An oil and gas-focused group that made an unsuccessful bid under the federal government’s “supercluster” program has been awarded $100 million from Ottawa to develop and commercialize clean technologies.
The money, which will be spread over four years and was announced in Tuesday’s federal budget, will go to the Clean Resource Innovation Network (CRIN) — a consortium of energy companies, research facilities, government bodies, academic institutions and financiers dedicated to enhancing innovation in the Canadian oil and gas sector and reducing the industry’s environmental footprint.
CRIN, which was formed in 2017, originally made a pitch for inclusion in the government’s $950-million “supercluster” program, which aims to support business-led partnerships that have the potential to energize the economy and become engines of growth. However, the oil and gas-focused group was not one of the five successful superclusters announced by the federal government in February 2018. (The supercluster funding instead went to groups working in the areas of artificial intelligence, plant protein, advanced manufacturing, digital technologies and ocean-based industries.)
Joy Romero, vice-president of technology and innovation at Canadian Natural Resources Ltd. and chair of CRIN, said it was disappointing for the energy sector not to receive recognition as a supercluster. However, she said the $100 million announced this week — which is being provided through the federal government’s Strategic Innovation Fund and will be used to leverage private-sector investments — is proof the industry is doing cutting-edge things in the realm of innovation.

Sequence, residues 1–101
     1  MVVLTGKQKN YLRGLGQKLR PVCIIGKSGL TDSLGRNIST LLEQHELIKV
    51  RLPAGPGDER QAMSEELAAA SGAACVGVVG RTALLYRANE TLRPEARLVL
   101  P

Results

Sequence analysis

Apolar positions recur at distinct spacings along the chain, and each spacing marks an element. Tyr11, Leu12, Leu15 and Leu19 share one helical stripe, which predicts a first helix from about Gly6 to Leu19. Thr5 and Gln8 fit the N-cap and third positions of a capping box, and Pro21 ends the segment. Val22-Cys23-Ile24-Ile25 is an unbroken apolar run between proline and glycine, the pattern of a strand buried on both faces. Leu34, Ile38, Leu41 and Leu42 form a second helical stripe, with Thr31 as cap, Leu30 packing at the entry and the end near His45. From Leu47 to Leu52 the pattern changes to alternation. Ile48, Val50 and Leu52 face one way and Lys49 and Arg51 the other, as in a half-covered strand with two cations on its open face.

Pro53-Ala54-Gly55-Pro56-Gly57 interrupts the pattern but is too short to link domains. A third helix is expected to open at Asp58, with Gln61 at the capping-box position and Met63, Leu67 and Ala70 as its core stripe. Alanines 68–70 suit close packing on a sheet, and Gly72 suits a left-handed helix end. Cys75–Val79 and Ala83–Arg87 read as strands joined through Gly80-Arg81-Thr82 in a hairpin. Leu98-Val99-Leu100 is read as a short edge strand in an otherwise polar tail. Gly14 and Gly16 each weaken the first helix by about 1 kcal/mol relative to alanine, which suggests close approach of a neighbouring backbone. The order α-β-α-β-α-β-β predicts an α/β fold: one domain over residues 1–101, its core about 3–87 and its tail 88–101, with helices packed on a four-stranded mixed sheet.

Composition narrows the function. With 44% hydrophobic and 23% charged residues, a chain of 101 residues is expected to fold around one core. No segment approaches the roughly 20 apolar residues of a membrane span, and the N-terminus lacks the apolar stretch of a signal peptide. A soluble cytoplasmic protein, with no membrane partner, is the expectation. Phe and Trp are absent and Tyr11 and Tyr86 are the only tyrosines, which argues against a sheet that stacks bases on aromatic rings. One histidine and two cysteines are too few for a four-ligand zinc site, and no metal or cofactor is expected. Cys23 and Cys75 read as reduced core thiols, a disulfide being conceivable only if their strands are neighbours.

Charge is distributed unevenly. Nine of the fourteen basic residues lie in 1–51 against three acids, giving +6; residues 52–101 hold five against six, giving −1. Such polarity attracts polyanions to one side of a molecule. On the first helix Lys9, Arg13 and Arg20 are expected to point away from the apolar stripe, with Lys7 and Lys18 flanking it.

“We are really pleased to be recognized for that innovation, and that’s what this says,” Romero said. “And it also says they (the federal government) have confidence that our innovation is clean tech innovation.”
While there are existing groups dedicated to technology development in certain segments of the energy sector (CoSIA for the oilsands, Petroleum Research Newfoundland & Labrador for the off-shore industry), CRIN is the first network of partners that aims to encompass Canada’s entire oil and gas industry. It also seeks to connect ideas that exist in the research lab with sources of capital.
“Because unless something is commercialized and broadly adopted, we’ve not managed to get there,” Romero said. “This is really about reducing our greenhouse gas footprint ASAP. But because what we do is so transferable, we want to make sure it jumps to other sectors across Canada and then also to other producers globally.”
Current areas of research for CRIN include digital oil and gas; hydrocarbon extraction; methane monitoring; low-carbon hydrocarbon end use; land and wellsite remediation; and water technology development.
Mayor Naheed Nenshi said the new funding for clean technology innovation is a positive step after Calgary was disappointingly passed over for supercluster funding last year. He said the federal government needs a plan to address continued high unemployment in Alberta.
“Investments right at this moment in Calgary and Alberta are a great window of opportunity,” Nenshi said. “Targeted investments now in helping us fill our talent pipeline, retraining people . . . these investments are very, very, very smart.”
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